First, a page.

Tuesday, May 29, 2012

The Real Lenin

Having just finished a 633 page biography of Lenin by the writer Robert Payne, let me summarize this man's life by quoting from pages 630-632:

Lenin had many sins, but the gravest was a supreme contempt for the human race.  Like Marx he possessed an overwhelming contempt for the peasants....But Lenin went beyond Marx.  Not only the peasants, but all classes of society were anathema to him--except the proletariat [workers], with which he had almost no contact.  He surrounded himself with intellectuals and theoreticians, and he despised them as much as he despised the peasants, for he never found one who was his intellectual equal....

Lenin was the great simplifier, but there are no simple solutions.  He wanted to bring about the ideal state--and there is no doubt about the genuineness of his passion for the ideal state--but the ideal eluded him, as it has eluded everyone else.  Toward the end of his life he realized that after the Russian people had suffered and submitted to intolerable sacrifices under his dictatorship, he had led them along the wrong path.  "I am, it seems, strongly guilty before the workers of Russia," he declared; and those words were his genuine epitaph.  There are few rulers in history who have uttered so clear a mea culpa.

That Stalin should have been his successor was a fearful irony.  That course, brutal and paranoid dictator possessed none of Lenin's intellectual gifts and could scarcely write a sentence which was not a mockery of the Russian language.  Under him Communism became a tyranny of such vast proportions that it exceeded all the tyrannies the world had known up to his time.  Lenin, with his harsh intellect, his egotism, his phenomenal vigor, his always flawed yet ever impressive achievement, remained oddly human; Stalin was a monster.  Yet it is important to observe that there could have been no Stalin without Lenin.  Stalin was Lenin's child; and Lenin, who hated and despised and feared him, must bear sole responsibility for bringing Stalin to power.

Once Lenin had decided that all means were permissible to bring about the dictatorship of the proletariat, with himself ruling in the name of the proletariat, he had commited Russia to intolerable deprivations of human freedom.  His power was naked power; his weapon was extermination; his aim the prolongation of his own dictatorship....He could decree the deaths of thousands upon thousands of men, and their deaths were immaterial, because they were only statistics impeding the progress of his theory.  The butchery in the cellars of the Lubyanka [Prison] did not concern him.  He captured the Russian Revolution and then betrayed it, and at that moment he made Stalin inevitable.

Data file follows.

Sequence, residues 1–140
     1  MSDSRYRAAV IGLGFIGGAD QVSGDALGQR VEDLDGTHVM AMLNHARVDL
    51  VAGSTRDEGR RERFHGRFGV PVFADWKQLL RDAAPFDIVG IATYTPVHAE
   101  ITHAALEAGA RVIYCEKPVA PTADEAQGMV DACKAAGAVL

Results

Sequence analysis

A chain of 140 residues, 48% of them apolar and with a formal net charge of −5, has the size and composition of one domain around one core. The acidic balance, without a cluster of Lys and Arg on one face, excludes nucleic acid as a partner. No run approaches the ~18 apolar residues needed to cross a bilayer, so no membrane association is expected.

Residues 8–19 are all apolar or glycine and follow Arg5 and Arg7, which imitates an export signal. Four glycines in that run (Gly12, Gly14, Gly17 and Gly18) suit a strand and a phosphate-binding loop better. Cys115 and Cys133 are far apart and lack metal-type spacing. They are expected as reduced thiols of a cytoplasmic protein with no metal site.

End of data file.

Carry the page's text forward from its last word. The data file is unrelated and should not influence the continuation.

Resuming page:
The lawlessness of Communist rule was of Lenin's own making.  Ordinary human morality never concerned him; from the beginning he was using words like "extermination" and "merciless" as though they were counters in a game.  Whatever he decreed was law, and whoever opposed his decree was outside the law, and therefore possessing no rights, not even the right to breathe....

The state he brought into being proved to be more unjust and incomparably more tyrannical than the state he overthrew.  He announced that everything would be new, but in fact there was nothing new except the names; for all tyrannies are alike, differing only in their degree of tyranny.  The Cheka was only the tsarist Okhrana under another name:  more unpitying, more terrifying, and effective only when it exterminated opposed groups to the last man.  Under Stalin, the Cheka, more murderous than ever, became the real ruler of the country; and one by one its leaders died in the same manner as the victims.

When the rule of a country is given over to the secret police, then by the very nature of things it loses its humanity, places itself outside the frontiers of civilization, and possesses no history; for the repetition of crimes is not history.  The government which Lenin introduced, believing it to be new, was as old as man, for there is nothing new about tyranny....

1 comment:

  1. incredible conclusion for historian Robert Payne.

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